Who’s Feeling Rushed?
Everybody gets the same 24 hours in a day, but women are slightly more likely than men to feel starved for time.
About a quarter of all women (26%) say they “always feel rushed,” while 21% of men report feeling that way, according to a new Pew Research Center survey.
This gender gap is bigger for women who are mothers and for women who are in the work force. And it grows to 15 percentage points for women who are both. A breakdown:
- Working women (33%) feel more rushed than do working men (25%) – an 8 percentage point gender/employment gap.
- Mothers of minor age children (36%) feel more rushed than do fathers of minor age children (25%) – an 11 percentage point gender/parenting gap.
- Combining those two categories, working mothers with minor children (41%) feel more rushed than do working fathers with minor age children (26) – a 15 percentage point gender/employment/parenting gap.
The findings are based on a telephone survey of a nationally-representative, randomly-selected sample of 3,014 adults conducted from Oct. 5 through Nov. 6, 2005.
Overall, about a quarter (23%) of all adults in this country say they always feel rushed, while a majority (53%) of Americans sometimes feel rushed and about a quarter (23%) almost never feel rushed.
Other Demographic Considerations
There are no significant differences in “feeling rushed” by income or by education level. Nor does it matter much if you live in a city, a suburb or a rural area – all those stereotypes about the hustle and bustle of city life notwithstanding.
Whites, blacks and Hispanics are about equally likely to feel rushed; blacks, however, are more likely than whites to say they “almost never feel rushed.”
The elderly (ages 65 and older) are less likely than young and middle-aged adults to feel rushed. Along those same lines, the survey finds that employed adults (29%) are nearly three times more likely than retirees (11%) to report that they always feel rushed. The bulk of retirees are evenly split between those who almost never feel rushed (45%) and those who sometimes (42%) feel that way. But even here, there is a gender gap – retired women (14%) are a bit more likely than retired men (8%) to report feeling rushed.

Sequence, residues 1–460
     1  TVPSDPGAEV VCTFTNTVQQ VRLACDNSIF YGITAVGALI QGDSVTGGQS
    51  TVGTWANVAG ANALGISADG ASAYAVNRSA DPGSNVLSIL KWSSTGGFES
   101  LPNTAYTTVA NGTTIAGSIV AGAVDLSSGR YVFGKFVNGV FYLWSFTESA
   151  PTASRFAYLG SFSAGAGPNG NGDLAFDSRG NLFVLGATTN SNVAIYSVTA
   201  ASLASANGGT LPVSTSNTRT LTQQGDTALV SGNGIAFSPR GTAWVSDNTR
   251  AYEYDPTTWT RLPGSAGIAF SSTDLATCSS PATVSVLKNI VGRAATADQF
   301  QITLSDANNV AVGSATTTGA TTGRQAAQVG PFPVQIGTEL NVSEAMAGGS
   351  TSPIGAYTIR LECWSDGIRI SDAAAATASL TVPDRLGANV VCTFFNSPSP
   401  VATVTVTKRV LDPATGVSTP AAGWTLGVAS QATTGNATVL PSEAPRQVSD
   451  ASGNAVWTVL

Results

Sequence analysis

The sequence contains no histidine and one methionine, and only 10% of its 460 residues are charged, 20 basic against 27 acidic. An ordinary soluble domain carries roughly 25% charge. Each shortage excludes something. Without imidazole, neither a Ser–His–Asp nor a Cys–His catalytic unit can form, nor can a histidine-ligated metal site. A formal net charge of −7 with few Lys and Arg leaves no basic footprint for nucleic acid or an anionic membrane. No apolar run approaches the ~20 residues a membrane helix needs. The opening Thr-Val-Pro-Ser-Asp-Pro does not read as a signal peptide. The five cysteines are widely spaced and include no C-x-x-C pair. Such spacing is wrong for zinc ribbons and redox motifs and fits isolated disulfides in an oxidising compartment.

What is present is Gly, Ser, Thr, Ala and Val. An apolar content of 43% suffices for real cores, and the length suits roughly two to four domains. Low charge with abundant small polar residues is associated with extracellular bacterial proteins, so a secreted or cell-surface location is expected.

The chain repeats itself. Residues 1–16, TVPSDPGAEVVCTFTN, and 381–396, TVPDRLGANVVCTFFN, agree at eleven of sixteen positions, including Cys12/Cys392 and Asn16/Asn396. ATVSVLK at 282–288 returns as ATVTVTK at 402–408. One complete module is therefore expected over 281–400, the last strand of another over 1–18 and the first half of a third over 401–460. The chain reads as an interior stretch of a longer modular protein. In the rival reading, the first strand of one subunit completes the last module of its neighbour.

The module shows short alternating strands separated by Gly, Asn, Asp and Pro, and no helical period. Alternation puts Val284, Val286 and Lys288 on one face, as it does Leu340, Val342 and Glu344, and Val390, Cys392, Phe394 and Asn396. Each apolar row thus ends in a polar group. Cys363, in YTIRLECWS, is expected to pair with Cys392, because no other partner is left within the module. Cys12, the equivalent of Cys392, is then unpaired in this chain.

Moms Are More Rushed Than Dads
People with children under age 18 feel more rushed than do adults with grown children or with no children. However, this association between parenting status and feeling rushed is stronger among women than men.
More than a third of women (36%) with minor age children always feel rushed, compared with 25% of men in the same situation. Men and women with only adult age children are less likely to feel rushed; just 13% of men and 19% of women in this situation feel this way. About the same proportion of men (23%) and women (24%) without children feel rushed.
Single parents are more likely than married couples with children under 18 to feel rushed (35% among unmarried parents compared with 29% among married). But here too, gender is important. Nearly four-in-ten (39%) single moms with minor age children always feel rushed, compared with 30% of single dads who feel this way.
Working Moms Are the Most Rushed
Employed women (33%) feel more rushed than do women who don’t work outside the home (24%), and working moms who have minor age children are the most time pressured of all. Some 41% of them say they always feel rushed, compared with 25% of stay-at-home mothers of minor children, and with 26% percent of working fathers with minor children. Working mothers with grown children feel less time pressured. Just 27% of working mothers whose children are all ages 18 and older say they always feel rushed.
Can Hired Help Buy Relief from Time-Pressures?
Not surprisingly, people who say they always feel rushed also express less overall satisfaction with many aspects of life. For example, only 27% of those who are always rushed say they are generally very happy with life compared with 34% of all adults who say the same. Similarly, the “always rushed” are less likely to be very satisfied with their free time, their family life, housing situation, household income, standard of living, and (among the employed) with their jobs. Keep in mind, these data do not tell us whether feeling rushed leads to dissatisfaction or vice versa.
But it is clearly a problem for many people – especially working mothers, who deal with multiple responsibilities both inside and outside the home. Can they buy any relief? It’s not clear. Our survey finds that those who have hired help for household chores – 16% of the adult population – feel just as rushed as those who don’t.
About the Survey
Results for this survey are based on telephone interviews conducted with a nationally representative sample of adults, ages 18 years and older, living in continental U.S. telephone households.
- Interviews conducted October 5-November 6, 2005
- 3,014 interviews
- Margin of sampling error is plus or minus 2 percentage points for results based on the total sample at the 95% confidence level. The margin of sampling error is higher for results based on subgroups of respondents.
Survey interviews conducted under the direction of Princeton Survey Research Associates International. Interviews were conducted in English and Spanish.
In addition to sampling error, bear in mind that question wording and practical difficulties in conducting surveys can introduce error or bias in the findings of opinion polls.
Read the full report for more details.